Costa Rica has 54 Species of Hummingbird, the Most Flower-Pollinating Bird in the World

Written by Tamarindo News

Costa Rica Rica has the privilege of being one of the countries on the continent where there are more hummingbird species, with 54 species that adapt to the different climates and territories of the country. It is considered the bird that contributes the most to flower pollination.

Hummingbirds belong to the order Apodiformes and to the family Trochilidae. They are birds that are characterized by their small size, ranging from 5 centimeters to 20. There are about 330 species of hummingbirds and they live only in America. The hummingbird family extends from Alaska to Tierra del Fuego, but most of it is concentrated in the tropics.

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Hummingbirds have a long beak that allows them to feed on flowers. When one of these birds inserts its beak into a flower to drink nectar, sticky pollen clings to the sides of the beak and when they visit the next flower, some pollen particles are transferred and – if both flowers are of the same species – the pollination process occurs, which is very necessary to preserve biodiversity.

They visit more than a thousand flowers a day

These birds can visit more than a thousand flowers in a single day in search of food and can eat up to 60 times a day to replenish the energy they use during their flight. The hummingbird can give up to 80 flaps per second in the smallest species. Their wings allow them to float in the air, the same forwards, backwards, up, down and even upside down, being the only birds in the world with the ability to fly backwards. These birds cannot walk.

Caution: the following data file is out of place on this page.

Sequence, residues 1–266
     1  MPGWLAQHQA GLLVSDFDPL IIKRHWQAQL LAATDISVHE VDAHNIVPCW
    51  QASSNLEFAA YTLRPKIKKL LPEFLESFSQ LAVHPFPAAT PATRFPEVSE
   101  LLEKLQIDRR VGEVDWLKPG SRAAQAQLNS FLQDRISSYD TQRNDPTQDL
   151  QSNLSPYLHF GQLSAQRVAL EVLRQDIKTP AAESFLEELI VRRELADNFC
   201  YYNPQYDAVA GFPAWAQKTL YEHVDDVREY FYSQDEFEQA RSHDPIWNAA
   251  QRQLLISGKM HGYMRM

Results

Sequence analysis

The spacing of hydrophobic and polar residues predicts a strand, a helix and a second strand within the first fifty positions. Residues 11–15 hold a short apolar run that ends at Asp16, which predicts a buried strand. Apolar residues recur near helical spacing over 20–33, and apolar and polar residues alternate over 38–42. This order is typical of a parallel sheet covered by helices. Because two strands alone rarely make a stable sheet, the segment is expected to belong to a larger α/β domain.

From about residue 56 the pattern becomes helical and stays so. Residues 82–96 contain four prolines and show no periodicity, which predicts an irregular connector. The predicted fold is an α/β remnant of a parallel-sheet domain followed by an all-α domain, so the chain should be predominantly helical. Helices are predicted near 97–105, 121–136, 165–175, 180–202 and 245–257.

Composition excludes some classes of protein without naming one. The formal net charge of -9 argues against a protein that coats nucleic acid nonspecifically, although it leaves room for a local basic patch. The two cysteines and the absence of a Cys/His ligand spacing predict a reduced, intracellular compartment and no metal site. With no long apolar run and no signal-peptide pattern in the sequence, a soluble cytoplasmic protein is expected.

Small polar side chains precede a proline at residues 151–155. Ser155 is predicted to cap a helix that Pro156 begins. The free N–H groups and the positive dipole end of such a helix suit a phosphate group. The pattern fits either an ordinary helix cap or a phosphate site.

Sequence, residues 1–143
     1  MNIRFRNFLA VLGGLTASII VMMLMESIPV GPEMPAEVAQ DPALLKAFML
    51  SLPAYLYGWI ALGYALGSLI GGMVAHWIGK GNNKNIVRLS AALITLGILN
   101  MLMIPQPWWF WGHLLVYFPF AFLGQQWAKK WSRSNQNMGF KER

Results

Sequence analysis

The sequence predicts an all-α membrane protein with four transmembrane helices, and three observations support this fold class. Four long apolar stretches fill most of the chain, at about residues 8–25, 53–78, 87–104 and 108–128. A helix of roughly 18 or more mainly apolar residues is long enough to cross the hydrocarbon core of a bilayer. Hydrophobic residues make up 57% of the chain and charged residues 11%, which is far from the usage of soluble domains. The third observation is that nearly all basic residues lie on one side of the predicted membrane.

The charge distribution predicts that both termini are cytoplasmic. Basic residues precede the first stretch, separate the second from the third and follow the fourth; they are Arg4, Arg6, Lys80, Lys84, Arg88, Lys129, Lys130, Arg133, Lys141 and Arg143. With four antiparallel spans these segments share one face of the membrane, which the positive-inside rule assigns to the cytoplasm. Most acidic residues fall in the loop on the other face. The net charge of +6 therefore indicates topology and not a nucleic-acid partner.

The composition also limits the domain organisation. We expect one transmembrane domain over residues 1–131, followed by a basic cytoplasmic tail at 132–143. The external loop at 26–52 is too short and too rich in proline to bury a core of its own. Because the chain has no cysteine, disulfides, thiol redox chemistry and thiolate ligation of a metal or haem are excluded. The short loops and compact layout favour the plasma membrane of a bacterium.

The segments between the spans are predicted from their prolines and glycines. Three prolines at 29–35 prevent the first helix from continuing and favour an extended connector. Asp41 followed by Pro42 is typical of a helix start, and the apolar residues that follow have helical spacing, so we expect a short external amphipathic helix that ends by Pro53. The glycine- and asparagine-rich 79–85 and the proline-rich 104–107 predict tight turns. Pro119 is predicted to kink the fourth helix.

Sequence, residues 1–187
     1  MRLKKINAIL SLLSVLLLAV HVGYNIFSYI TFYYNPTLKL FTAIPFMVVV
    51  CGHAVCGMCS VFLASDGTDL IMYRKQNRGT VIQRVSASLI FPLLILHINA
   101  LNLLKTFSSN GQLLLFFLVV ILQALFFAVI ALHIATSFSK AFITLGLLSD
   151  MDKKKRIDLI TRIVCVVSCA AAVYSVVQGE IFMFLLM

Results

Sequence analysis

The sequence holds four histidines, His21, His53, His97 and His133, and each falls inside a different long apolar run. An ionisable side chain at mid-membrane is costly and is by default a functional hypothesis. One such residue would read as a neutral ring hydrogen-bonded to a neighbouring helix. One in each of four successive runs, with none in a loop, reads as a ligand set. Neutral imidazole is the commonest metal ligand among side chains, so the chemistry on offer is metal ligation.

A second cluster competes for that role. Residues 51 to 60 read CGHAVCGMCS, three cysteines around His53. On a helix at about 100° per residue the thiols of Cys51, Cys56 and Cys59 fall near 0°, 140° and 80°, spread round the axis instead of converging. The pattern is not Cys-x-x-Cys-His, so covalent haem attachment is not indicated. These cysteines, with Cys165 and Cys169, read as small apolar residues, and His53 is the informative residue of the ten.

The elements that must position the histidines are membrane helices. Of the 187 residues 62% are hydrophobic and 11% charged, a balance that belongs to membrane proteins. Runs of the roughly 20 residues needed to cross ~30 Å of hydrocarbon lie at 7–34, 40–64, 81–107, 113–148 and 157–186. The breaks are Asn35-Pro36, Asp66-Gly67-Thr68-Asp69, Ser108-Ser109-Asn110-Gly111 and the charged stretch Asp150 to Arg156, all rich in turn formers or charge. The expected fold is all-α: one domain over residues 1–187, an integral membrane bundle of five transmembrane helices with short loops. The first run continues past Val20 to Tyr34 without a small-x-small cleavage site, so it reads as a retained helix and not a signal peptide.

Due to their ability to fly they can easily elude predators, sometimes even facing larger birds while defending their young; there are reports of hummingbirds clashing with eagles. Hummingbirds know how to detect various fragrances, colors and types of flowers that help them to overcome in certain circumstances.

The tongue and beak of these birds are specially adapted to feeding on flowers. Their tongues are shaped like a “W” to help them sip nectar and their long beaks allow them to easily obtain this from what.

The smallest of them is the bee hummingbird whose body does not exceed the volume of a bumblebee. This hummingbird lives in Cuba and its total length, from the edge of the tail to the tip of its very long beak, does not reach 5 centimeters.
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